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Peanut Boy’s Amberjack Hole

A.H. Amberjack Hole. 61 degrees from end of jetties, 18.6 miles, depth of water 75 to 85 feet. This ground consists of a small area of heavy coral and rock formations. Ledges are short, 5 to 10 feet in height and lie in a North to South heading. The heavy concentration of amberjack was responsible for the name of this hole. Cuda, cobia, kingfish and dolphin are plentiful here. Good snapper and grouper fishing year round.

Charlie Hamaker, the JOSFC’s “Unofficial Historian” remembers that the A.H. was named for the club’s first President, Fred Morrow. At that time, J.O.S.F.C. stood for Jacksonville Outboard Sports Fishing Club.

The original name of this area was Peanut King’s Amberjack Hole. Peanut King was the name of Fred’s 20 foot Thunderbird and it was one of several that were in the club.

I can still recall the first time I ever saw a 20 ft. Thunderbird. It was decked out with twin 30 or 40 H.P. engines and it had to be the biggest thing afloat. I also remember the first time I ever rode in one. They were flat bottomed and about as rough as a square tire dune buggy in a rock pile.

By actual count, I am sure that if you had all the fish put into the Peanut King, you could supply Captain D’s for a year. Some of the earlier members were innovative and came up with some very interesting ways to catch fish. Imagine this, amberjack on a cane pole. Yep, the same way you would fish for specks in Crescent Lake. The only difference is the cane pole and live bait are larger. Visualize the action of having jacks all around the boat and laying out a live bait with a cane pole and you’ve got a picture of Fred and his crew. If that’s not enough, what about tarpon?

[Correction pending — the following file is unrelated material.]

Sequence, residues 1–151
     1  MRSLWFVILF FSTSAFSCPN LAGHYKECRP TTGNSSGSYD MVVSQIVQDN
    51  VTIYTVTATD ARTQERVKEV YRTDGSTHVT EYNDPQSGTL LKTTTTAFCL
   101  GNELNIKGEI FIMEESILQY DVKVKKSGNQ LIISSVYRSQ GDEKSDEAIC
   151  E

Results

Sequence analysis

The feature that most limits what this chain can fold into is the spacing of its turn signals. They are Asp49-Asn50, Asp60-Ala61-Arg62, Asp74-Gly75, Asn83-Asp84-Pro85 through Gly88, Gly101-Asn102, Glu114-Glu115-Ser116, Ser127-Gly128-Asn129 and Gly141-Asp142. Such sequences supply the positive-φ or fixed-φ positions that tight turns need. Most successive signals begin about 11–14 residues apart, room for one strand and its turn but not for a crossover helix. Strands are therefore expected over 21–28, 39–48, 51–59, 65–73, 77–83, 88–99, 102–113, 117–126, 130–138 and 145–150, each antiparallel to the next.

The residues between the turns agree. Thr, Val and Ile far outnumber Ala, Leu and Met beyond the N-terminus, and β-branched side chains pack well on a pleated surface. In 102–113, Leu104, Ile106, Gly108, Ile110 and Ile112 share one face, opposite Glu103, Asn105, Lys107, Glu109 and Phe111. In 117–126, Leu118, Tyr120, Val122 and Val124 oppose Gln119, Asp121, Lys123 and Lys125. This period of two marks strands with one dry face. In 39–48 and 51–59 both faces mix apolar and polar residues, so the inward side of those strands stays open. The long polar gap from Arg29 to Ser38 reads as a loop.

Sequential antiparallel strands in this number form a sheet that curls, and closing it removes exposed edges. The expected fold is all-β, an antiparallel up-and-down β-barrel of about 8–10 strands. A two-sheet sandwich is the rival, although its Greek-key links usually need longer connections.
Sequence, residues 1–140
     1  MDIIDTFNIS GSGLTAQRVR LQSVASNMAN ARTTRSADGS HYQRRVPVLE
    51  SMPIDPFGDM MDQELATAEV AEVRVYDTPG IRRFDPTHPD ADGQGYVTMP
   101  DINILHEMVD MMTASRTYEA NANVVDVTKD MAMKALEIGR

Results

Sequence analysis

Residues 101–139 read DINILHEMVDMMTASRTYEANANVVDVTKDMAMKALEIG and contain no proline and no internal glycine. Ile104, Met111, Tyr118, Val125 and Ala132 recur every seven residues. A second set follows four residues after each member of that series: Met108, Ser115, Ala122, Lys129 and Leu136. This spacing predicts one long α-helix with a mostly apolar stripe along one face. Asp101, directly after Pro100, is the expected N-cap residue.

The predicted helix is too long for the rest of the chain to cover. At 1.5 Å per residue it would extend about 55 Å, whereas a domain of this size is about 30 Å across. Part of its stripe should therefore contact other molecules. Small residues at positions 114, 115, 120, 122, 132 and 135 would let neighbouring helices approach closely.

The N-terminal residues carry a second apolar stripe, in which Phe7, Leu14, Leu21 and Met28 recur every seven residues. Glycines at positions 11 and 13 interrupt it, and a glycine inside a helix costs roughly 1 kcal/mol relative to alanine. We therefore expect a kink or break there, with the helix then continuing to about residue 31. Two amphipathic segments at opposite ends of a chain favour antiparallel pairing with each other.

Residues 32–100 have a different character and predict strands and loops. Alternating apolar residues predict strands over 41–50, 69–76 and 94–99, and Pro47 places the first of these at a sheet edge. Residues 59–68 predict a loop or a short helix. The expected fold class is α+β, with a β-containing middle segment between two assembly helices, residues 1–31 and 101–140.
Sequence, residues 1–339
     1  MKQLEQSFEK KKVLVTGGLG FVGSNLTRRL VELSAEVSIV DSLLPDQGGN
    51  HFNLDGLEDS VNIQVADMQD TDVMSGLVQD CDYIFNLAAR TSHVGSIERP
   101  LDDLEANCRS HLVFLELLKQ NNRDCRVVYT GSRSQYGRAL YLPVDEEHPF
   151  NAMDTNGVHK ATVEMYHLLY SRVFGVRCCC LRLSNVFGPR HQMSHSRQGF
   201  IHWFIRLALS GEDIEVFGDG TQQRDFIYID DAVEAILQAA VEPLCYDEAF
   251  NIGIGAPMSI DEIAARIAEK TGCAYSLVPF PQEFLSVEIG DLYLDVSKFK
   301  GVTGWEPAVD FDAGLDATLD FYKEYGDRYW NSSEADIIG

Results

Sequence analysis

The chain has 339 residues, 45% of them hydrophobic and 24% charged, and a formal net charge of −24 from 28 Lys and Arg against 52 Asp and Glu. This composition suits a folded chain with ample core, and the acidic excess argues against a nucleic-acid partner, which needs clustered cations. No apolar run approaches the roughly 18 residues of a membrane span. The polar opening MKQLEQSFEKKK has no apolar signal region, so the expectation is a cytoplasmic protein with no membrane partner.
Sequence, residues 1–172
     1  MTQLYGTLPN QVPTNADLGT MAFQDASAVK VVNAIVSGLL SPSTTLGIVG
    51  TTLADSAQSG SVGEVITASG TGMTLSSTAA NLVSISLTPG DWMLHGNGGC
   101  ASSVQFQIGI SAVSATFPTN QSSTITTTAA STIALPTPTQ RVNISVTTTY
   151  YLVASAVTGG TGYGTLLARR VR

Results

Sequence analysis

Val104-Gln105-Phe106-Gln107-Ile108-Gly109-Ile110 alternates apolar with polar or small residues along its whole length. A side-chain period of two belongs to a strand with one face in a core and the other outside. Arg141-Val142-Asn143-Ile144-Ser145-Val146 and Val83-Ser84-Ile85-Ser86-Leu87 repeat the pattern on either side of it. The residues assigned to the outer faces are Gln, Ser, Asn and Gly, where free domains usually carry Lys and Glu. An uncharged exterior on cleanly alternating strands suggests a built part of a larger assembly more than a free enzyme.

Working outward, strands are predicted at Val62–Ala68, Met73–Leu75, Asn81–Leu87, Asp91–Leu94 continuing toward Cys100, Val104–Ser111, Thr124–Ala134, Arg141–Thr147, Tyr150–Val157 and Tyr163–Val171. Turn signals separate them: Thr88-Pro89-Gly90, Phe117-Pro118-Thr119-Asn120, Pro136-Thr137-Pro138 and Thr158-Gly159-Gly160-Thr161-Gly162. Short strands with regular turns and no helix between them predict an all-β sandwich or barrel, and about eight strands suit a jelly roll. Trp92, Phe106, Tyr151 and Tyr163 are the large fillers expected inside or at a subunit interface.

Fred and Ed Schugart tried this and actually hooked up a tarpon on a cane pole. The fish made one jump and the hook was thrown directly back at the boat. It passed between the two anglers, missing them by inches, and shattered the boat’s windshield.

In the early and mid sixties, amberjack were plentiful and big. Fred, Ed Schugart, Burt Clyborn and Wimpie Sutton set a record I predict will never be broken. Forty-two amberjack were tagged and released in one day of fishing. But the single fish that won a tournament for Fred and started the name of Peanut King’s Amberjack Hole was a 72 pound amberjack taken at “the Hole.”

Fred went through several boats after the Peanut King. There was the Ronnie J, Ronnie J II, Lady Yvonne and finally the Little Yvonne which he charters for river and jetty trips today.

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